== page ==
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May 2012

Two reports on pesticide risks

31 May, 2012

When a politician says that his report is about the science, and not about the politics, it’s probably wise to take that claim with a grain of salt.  That’s made crystal clear by two studies released in the last month about the risks of pesticides – one written by politicians, and the other by scientists. 

When a politician says that his report is about the science, and not about the politics, it’s probably wise to take that claim with a grain of salt.  That’s made crystal clear by two studies released in the last month about the risks of pesticides – one written by politicians, and the other by scientists. 

On importing U.S. “Job-Killing” rhetoric

28 May, 2012

The phrase “job killing regulation” is beginning to enter Canadian discussions about environmental laws and Bill C-38 – the Budget Implementation Bill which would repeal several laws that protect nature, democracy and marginalized society.  This phrase has been embraced by politicians in the U.S. who are seeking to gut environmental laws there, despite having been discredited by a number of studies.  It would be unfortunate to have this inaccurate and misleading phrase become a prominent part of Canadian political discourse (more below on why it’s inaccurate and misleading). 

The phrase “job killing regulation” is beginning to enter Canadian discussions about environmental laws and Bill C-38 – the Budget Implementation Bill which would repeal several laws that protect nature, democracy and marginalized society.  This phrase has been embraced by politicians in the U.S.

Who is silenced by the animal health law?

25 May, 2012

You may have read about a provision in the proposed Animal Health Act which would make it illegal for journalists or scientists to report on animal illnesses at fish farms or other agricultural operations. But the Minister of Agriculture, who is responsible for the Bill, insists that that the section doesn’t apply to citizens or journalists.  So who is right?

You may have read about a provision in the proposed Animal Health Act which would make it illegal for journalists or scientists to report on animal illnesses at fish farms or other agricultural operations. The Province story said:

Freedom Train 2012: Taking Enbridge opposition Canada-wide

17 May, 2012

The cross-Canada railway has always been a powerful symbol. Over the years it has been celebrated as a “nation-building” exercise by some, while it is remembered as a source of deep injustice by others. Chinese and Indigenous labourers worked to build the tracks in dangerous conditions inferior to those of white workers. The railway itself was a tool of colonization that brought significant change to Indigenous society throughout the West, and hastened the imposition of the British-Canadian legal order with almost no treaties in British Columbia, a history that is the source of continuing legal and political conflict today. Conscious of that history, a number of BC First Nations led by the Yinka Dene Alliance, have transformed those rails into a source of power for Indigenous peoples, as they recently completed a journey across the country to assert their rights and their inherent authority to govern themselves.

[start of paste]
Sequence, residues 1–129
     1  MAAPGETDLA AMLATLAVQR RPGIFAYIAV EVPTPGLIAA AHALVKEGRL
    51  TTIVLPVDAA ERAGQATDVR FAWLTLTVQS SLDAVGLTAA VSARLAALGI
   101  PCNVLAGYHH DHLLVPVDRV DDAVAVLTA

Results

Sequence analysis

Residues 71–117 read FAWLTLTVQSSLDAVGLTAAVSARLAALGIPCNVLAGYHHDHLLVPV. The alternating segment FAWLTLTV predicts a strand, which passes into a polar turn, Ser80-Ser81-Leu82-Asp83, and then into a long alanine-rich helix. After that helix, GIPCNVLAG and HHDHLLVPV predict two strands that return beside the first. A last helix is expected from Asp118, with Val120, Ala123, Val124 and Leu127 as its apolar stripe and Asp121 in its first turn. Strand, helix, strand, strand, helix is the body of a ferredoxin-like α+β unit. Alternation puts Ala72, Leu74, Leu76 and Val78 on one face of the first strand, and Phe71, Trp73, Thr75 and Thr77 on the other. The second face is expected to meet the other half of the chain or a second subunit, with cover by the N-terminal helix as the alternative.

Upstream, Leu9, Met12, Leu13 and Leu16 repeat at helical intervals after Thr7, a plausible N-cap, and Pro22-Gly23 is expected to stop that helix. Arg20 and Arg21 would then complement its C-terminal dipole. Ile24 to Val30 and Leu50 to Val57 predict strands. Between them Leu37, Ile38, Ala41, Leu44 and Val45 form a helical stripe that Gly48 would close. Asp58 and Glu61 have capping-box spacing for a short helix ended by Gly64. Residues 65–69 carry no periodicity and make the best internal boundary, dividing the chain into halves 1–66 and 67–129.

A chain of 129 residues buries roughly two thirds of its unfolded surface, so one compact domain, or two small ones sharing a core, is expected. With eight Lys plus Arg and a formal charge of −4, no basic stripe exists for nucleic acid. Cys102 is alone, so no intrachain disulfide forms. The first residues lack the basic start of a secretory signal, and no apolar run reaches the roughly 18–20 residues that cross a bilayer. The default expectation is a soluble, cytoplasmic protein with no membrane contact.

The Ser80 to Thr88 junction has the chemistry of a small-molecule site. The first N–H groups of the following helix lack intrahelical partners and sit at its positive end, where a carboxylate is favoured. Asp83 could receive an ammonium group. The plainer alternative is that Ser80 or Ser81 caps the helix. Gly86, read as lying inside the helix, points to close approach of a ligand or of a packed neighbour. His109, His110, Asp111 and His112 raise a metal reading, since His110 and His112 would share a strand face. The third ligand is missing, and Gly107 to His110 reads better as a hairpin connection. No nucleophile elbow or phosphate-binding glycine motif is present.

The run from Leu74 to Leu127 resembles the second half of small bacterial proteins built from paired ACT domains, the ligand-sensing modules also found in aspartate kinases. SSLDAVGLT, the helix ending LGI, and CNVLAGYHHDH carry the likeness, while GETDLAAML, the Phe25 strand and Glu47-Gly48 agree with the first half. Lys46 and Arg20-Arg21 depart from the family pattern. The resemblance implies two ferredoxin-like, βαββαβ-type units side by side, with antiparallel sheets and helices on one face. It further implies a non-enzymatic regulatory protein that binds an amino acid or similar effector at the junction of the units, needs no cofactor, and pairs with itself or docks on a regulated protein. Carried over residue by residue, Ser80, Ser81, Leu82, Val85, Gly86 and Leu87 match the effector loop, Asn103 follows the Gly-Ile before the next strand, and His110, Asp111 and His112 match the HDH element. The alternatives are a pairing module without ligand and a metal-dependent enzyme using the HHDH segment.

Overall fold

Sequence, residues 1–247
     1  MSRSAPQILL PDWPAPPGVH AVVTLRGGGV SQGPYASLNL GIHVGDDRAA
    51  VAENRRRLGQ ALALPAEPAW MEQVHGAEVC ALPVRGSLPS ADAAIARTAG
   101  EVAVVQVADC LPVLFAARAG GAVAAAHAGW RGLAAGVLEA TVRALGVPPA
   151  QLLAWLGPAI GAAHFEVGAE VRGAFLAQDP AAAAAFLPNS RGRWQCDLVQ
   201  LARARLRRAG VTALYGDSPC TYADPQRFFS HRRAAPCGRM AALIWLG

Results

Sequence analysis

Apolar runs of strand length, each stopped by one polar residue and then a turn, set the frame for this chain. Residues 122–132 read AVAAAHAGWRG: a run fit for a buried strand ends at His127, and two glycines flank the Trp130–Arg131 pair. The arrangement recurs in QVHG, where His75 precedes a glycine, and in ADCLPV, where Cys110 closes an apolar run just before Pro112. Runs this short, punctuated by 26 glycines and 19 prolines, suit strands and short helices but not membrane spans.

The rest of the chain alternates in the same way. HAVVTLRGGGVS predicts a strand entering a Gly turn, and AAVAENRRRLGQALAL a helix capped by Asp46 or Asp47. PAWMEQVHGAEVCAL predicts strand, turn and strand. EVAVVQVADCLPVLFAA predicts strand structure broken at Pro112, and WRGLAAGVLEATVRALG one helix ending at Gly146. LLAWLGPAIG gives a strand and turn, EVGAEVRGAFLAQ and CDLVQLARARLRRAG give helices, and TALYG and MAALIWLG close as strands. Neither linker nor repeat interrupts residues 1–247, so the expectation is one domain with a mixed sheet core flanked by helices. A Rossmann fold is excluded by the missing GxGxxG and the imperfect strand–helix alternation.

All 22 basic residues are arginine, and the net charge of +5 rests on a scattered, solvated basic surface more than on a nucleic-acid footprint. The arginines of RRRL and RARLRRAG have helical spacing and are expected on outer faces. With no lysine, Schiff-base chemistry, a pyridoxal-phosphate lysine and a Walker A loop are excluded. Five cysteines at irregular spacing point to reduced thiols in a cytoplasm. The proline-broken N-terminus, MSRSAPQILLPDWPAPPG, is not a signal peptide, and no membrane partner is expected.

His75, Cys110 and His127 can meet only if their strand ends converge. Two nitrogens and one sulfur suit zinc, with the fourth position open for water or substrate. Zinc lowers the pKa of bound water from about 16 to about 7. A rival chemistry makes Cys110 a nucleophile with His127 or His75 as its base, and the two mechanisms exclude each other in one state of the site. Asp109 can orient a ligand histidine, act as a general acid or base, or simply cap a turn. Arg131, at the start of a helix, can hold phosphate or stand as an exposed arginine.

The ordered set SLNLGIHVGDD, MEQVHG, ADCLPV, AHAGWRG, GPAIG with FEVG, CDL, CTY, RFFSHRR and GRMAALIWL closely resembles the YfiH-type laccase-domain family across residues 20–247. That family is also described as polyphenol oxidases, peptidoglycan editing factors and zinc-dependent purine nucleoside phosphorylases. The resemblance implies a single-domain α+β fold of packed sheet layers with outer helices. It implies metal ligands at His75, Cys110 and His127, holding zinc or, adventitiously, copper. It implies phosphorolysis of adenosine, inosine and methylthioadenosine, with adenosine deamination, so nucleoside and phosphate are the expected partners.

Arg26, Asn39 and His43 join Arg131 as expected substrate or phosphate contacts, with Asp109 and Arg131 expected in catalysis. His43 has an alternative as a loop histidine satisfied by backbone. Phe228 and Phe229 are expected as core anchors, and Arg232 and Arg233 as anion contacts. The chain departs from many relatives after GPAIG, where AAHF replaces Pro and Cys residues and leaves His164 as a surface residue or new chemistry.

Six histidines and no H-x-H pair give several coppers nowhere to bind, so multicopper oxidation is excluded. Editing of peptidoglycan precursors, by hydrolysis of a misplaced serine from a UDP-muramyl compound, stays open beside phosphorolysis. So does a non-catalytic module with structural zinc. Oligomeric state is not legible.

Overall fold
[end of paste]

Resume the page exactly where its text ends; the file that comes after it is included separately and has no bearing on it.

March to Enbridge shareholders meeting in Toronto

Vancouver joins local governments opposed to increase in oil pipelines and tankers

14 May, 2012

West Coast Environmental Law applauds two of Vancouver’s elected bodies – Vancouver City Council and the Vancouver Parks Board – for passing resolutions to take a formal position on the proposed Kinder Morgan oil pipeline expansion project, and associated oil tanker traffic. West Coast Environmental Law, along with several other groups, made submissions recently to both the Parks Board and City Council on the importance of local governments – the elected bodies closest to the people – taking positions on such issues.

West Coast Environmental Law applauds two of Vancouver’s elected bodies – Vancouver City Council and the Vancouver Parks Board – for passing resolutions to take a formal position on the proposed Kinder Morgan oil pipeline expansion project, and associated oil tanker traffic.

Pesticide Incidents confirm that domestic pesticides pose risks

11 May, 2012

As the BC Legislature’s Special Committee on Cosmetic Pesticides grapples with the question of whether to ban the use of cosmetic pesticides, a recent report by Health Canada seems to confirm that humans, pets and the environment have something to fear from such pesticides.  The Pesticide Incident Reporting Program – Third Annual Report, released on April 27th, found that a large portion of reported pesticide poisonings and other unexpected side effects in Canada involve domestic pesticides used in people’s homes.